FTSE-250-listed distributor Electrocomponents is urging anybody with a 3D printer to start making masks for the NHS after healthcare unions warned that frontline workers were not being given proper protective equipment.
The company will this week launch a call to arms for people to start making the masks, with chief executive Lindsley Ruth saying those with 3D printers could “make a difference”.
Electrocomponents will donate medical-grade plastic material needed to print masks and make its NHS-approved design available to everyone, it said.
The company has already opened up a 3D “printing farm” in Corby, Northamptonshire, which will be producing 1000 masks a week, and said this was the first of several planned sites across the country.
It said the National 3D Printing Society had loaned machines for the project but that more printers were needed.
“Everyone has a role to play in the fight against coronavirus,” Mr Ruth said.
The masks, which will be sterilised before delivery, take less than an hour to manufacture using 3D printers.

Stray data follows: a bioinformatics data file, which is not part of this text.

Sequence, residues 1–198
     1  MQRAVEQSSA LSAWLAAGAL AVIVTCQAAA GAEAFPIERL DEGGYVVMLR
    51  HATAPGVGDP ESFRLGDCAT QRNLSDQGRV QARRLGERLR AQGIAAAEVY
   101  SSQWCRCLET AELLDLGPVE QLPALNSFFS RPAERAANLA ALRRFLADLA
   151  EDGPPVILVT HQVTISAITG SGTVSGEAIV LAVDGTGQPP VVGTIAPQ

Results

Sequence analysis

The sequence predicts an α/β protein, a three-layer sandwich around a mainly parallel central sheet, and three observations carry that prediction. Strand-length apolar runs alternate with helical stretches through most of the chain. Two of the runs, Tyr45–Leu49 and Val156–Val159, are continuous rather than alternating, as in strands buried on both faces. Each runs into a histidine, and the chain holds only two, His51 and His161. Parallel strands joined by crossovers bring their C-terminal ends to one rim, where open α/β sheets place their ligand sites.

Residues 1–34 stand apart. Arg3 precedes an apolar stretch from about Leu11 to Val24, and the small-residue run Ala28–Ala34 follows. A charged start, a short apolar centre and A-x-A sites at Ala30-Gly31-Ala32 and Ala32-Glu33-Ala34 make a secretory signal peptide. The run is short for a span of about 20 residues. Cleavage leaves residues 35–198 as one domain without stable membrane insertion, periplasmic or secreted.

Electrocomponents is launching the campaign amid growing concern over whether NHS staff are being given adequate personal protective equipment (PPE) as they care for patients suffering from coronavirus.
Over the weekend, the Royal College of Nursing (RCN) urged its members to refuse to treat patients with the deadly virus “as a last resort” if they were not given the right protective equipment.
At least 19 members of NHS staff have died after contracting Covid-19 since the outbreak began.
The Department of Health has said it is working “around the clock” to give medics the PPE they require. It has repeatedly said any shortages are due to logistical problems, and not a lack of supply.
Electrocomponents said the partnership with the National 3D Printing Society would also help it with managing routes to supply to the NHS.